The City of Bend has appointed a 10-member Marijuana Technical Advisory Committee to guide it in adding a third, local layer of regulation of Oregon's new cannabis businesses. The City describes its pending regulations as "reasonable time, place, and manner regulations" and hopes to have them in place by Jan. 1 2016. The Committee will meet several times over the next few months (details are available on the City's website), and its task, as Council Member Victor Chudowsky put it in addressing committee members at the inaugural meeting on Sept. 17, is "to help us figure out what legalized cannabis in Bend should look like."
The City's regulations will include a new chapter of the City's Development Code and a new licensing regime on top of the licenses already required for cannabis businesses by the Oregon Health Authority and the Oregon Liquor Control Commission (OLCC). The rules in the Development Code will, according to City Attorney Mary Winters, address issues such as where businesses can locate when doing production (growing), processing, wholesale and retail sales, and laboratory analysis of cannabis samples. The regulations will also impose a minimum distance between cannabis retail stores, something the City has made no attempt to do with breweries or bars.
The City's cannabis business licensing rules, like those of other state authorities, will address operational aspects of the businesses. For retail stores, according to Winters, this will mean rules for operating hours, display of products, disposal of remnants, and similar matters. The license will need to be renewed annually. And of course, these City requirements will be in addition to the general City law that all businesses obtain and display a City business license.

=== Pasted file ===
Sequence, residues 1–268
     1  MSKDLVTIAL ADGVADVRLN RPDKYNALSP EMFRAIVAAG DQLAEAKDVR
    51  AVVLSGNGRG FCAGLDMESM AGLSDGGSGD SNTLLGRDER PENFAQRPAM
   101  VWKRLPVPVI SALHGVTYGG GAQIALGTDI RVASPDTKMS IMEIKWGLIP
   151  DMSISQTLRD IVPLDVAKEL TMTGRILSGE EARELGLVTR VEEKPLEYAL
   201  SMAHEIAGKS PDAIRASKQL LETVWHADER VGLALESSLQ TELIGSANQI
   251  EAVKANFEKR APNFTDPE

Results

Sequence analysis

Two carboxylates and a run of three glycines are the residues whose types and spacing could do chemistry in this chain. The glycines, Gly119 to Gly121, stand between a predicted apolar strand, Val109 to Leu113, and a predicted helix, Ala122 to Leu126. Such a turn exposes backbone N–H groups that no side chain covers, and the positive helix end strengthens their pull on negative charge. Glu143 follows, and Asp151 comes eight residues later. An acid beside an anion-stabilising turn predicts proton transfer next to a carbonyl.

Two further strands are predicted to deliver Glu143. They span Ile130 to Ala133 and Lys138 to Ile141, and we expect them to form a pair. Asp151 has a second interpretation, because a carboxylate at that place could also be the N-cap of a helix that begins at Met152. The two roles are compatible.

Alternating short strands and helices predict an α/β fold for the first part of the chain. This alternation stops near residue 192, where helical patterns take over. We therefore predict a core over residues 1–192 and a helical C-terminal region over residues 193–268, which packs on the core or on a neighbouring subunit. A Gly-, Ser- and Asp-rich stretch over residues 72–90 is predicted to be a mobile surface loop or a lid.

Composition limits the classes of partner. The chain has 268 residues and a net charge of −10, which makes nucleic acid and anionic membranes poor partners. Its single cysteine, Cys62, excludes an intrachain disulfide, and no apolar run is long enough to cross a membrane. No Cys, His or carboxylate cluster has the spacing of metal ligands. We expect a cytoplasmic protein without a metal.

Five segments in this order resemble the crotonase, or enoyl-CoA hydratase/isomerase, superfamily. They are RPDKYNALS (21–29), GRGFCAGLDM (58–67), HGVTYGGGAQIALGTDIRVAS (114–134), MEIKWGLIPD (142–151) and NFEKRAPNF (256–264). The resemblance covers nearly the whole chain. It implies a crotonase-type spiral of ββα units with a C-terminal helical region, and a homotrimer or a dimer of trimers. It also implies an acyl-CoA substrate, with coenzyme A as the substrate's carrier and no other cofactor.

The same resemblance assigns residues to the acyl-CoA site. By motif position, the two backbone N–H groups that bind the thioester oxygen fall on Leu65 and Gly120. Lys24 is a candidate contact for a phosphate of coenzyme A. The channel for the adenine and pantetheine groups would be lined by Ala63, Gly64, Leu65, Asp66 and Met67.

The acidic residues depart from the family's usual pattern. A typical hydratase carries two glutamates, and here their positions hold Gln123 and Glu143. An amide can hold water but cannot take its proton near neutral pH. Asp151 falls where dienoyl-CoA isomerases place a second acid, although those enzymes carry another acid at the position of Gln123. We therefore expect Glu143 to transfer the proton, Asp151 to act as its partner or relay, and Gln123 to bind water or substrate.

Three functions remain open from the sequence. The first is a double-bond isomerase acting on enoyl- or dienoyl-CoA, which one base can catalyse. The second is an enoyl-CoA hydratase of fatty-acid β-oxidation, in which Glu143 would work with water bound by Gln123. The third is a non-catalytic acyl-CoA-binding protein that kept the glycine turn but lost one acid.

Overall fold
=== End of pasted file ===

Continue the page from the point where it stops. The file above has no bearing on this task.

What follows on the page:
The OLCC will eventually have complete statewide regulatory authority over adult-use cannabis businesses, and the OLCC is not expected to release its much-anticipated draft regulations until the second week in November. Those regulations are expected to address things such as store operating hours and co-location of different business processes (e.g., growing or processing at the same site as retail sales), so the City Committee may have a difficult task of not creating duplicative or conflicting rules.
At last Thursday's meeting, City representatives stated that they wanted to craft "balanced" regulations, but the City seems to be attempting to regulate anything left out of the forthcoming OLCC regulations. Fortunately, the Committee seems to include a broad set of perspectives, so it seems likely that both the needs and potential impacts of cannabis businesses will be considered in the Committee's deliberations. Nevertheless, I have a hunch that cannabis stores in Bend will not be allowed to stay open as late as the bars.